Identify and reflect on the Final Output of the project and overall effectiveness of key Creative Processes:

To accomplish what we achieved in our Final Output, I experimented on two different animation programs, to be certain to which process will prove to be most reliable. Before I considered animating on Photoshop, my mind was immediately set on Adobe Flash. In the past, I’ve relied on Flash to execute my animations, particularly because it’s a rather straightforward and efficient program to use. But the issue I immediately encountered with using Flash during Worldbuilders, is that the brush settings couldn’t be manipulated enough to suit the art style we were aiming for. Flash is limited to its basic, simple circle brush, which wasn’t going to work out because our preferred style included more papery, dynamic brush strokes. Photoshop thankfully offered us more variety, granted we were able to download unique brushes onto the program to use. We were much able to achieve our desired art style through Photoshop.

Photoshop is the program which worked best for us. The only deal-breaker with PS is that it isn’t primarily an animating program, therefore using it to animate proved to be twice as tedious and painstaking than using Flash. PS wasn’t difficult to use, but it was extremely time consuming and slow at times. For instance, the onion skin settings, no matter which option I picked, would slow me down when colouring the frames, for I had to constantly turn it off and on just to correctly pick the colours and ensure continuity. Animating dynamic poses was hard for this reason, and also because the layer setup was far more complex than the one in flash. Flash at least enabled me to turn on onion skin settings without it interfering with my process, and it was easy for me to switch between frames and edit them with ease. I suppose realistically, Flash would’ve worked best for me personally, but Photoshop was more appropriate for the task since it helped us achieve the style of the world precisely to our vision.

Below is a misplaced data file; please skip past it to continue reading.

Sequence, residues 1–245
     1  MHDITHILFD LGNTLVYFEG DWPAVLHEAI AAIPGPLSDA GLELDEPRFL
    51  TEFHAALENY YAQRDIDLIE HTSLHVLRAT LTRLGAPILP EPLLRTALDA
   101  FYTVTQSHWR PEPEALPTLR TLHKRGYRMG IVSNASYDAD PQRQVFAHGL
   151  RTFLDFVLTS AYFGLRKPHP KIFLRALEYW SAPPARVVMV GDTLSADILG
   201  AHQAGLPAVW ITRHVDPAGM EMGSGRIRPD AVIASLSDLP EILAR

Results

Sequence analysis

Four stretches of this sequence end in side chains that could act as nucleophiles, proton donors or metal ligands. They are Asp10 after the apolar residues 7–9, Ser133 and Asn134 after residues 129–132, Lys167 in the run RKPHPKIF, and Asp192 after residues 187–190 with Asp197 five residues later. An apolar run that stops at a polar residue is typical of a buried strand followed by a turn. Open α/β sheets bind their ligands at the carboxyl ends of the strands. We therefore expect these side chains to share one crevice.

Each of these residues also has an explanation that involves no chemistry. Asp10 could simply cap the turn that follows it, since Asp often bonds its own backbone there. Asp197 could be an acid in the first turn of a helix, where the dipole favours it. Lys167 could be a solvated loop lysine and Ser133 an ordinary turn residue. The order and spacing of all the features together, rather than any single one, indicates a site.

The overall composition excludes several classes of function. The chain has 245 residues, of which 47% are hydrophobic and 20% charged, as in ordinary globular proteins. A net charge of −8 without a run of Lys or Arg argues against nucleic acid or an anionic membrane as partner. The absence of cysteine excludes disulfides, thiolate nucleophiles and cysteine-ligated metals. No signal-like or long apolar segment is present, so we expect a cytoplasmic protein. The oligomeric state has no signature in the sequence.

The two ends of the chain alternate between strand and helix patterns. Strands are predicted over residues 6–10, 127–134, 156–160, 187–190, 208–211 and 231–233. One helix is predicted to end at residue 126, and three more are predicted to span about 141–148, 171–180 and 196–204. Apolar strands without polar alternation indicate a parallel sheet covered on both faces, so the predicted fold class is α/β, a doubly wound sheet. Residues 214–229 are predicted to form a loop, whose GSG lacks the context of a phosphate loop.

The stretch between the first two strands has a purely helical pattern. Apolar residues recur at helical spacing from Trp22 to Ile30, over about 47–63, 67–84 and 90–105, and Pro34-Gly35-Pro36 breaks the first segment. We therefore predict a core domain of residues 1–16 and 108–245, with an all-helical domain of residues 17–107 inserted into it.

Recently, I discovered through a friend that apparently you’re able to rough out an animation on Flash, export it as a PNG sequence, upload the sequences on Photoshop, and go over it with the brushes of your choice. It’s a process I would certainly try out in my future projects, since it combines the ease and simplicity of roughing out animations on Flash, and polishing it with the appealing, dynamic brushes and colouring in Photoshop.

With the intention of improving my creative practices for future projects, I aim to stray significantly further away from perfect imitation of reality, so my animations don’t appear as static and dull. I believe practicing more exaggeration, by welcoming wilder, extreme forms, will truly make the animations flow better. Researching the psychology of movement could also benefit me, in a sense that it’ll give me a clearer idea not just for the process, but the intention of movement. I’d also like to improve my animation process as a whole, now that I’ve recently discovered that I can import Flash PNG sequences into Photoshop. I’ve learned that I can adapt to new programs fairly easy, so learning from well-acclaimed animators and their processes for programs such as OpenTooz and TVPaint could give me a boost of confident and knowledge with my creative practices.

Reflect on the roles within the production process: